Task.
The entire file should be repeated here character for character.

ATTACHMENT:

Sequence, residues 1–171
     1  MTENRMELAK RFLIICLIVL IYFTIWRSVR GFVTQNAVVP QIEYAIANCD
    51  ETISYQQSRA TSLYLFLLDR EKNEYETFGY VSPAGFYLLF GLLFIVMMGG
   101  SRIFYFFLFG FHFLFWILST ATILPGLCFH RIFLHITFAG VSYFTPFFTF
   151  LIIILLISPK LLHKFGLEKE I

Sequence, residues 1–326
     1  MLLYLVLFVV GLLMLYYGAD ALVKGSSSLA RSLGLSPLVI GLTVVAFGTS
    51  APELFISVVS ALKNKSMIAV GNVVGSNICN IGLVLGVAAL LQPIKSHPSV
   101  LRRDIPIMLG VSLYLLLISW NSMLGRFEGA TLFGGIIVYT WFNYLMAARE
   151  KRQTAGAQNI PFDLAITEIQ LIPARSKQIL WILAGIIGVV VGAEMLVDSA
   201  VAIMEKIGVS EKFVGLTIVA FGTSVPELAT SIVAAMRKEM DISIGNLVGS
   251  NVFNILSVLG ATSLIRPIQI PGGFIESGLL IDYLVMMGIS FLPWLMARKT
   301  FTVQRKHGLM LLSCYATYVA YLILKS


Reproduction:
Sequence, residues 1–171
     1  MTENRMELAK RFLIICLIVL IYFTIWRSVR GFVTQNAVVP QIEYAIANCD
    51  ETISYQQSRA TSLYLFLLDR EKNEYETFGY VSPAGFYLLF GLLFIVMMGG
   101  SRIFYFFLFG FHFLFWILST ATILPGLCFH RIFLHITFAG VSYFTPFFTF
   151  LIIILLISPK LLHKFGLEKE I

Sequence, residues 1–326
     1  MLLYLVLFVV GLLMLYYGAD ALVKGSSSLA RSLGLSPLVI GLTVVAFGTS
    51  APELFISVVS ALKNKSMIAV GNVVGSNICN IGLVLGVAAL LQPIKSHPSV
   101  LRRDIPIMLG VSLYLLLISW NSMLGRFEGA TLFGGIIVYT WFNYLMAARE
   151  KRQTAGAQNI PFDLAITEIQ LIPARSKQIL WILAGIIGVV VGAEMLVDSA
   201  VAIMEKIGVS EKFVGLTIVA FGTSVPELAT SIVAAMRKEM DISIGNLVGS
   251  NVFNILSVLG ATSLIRPIQI PGGFIESGLL IDYLVMMGIS FLPWLMARKT
   301  FTVQRKHGLM LLSCYATYVA YLILKS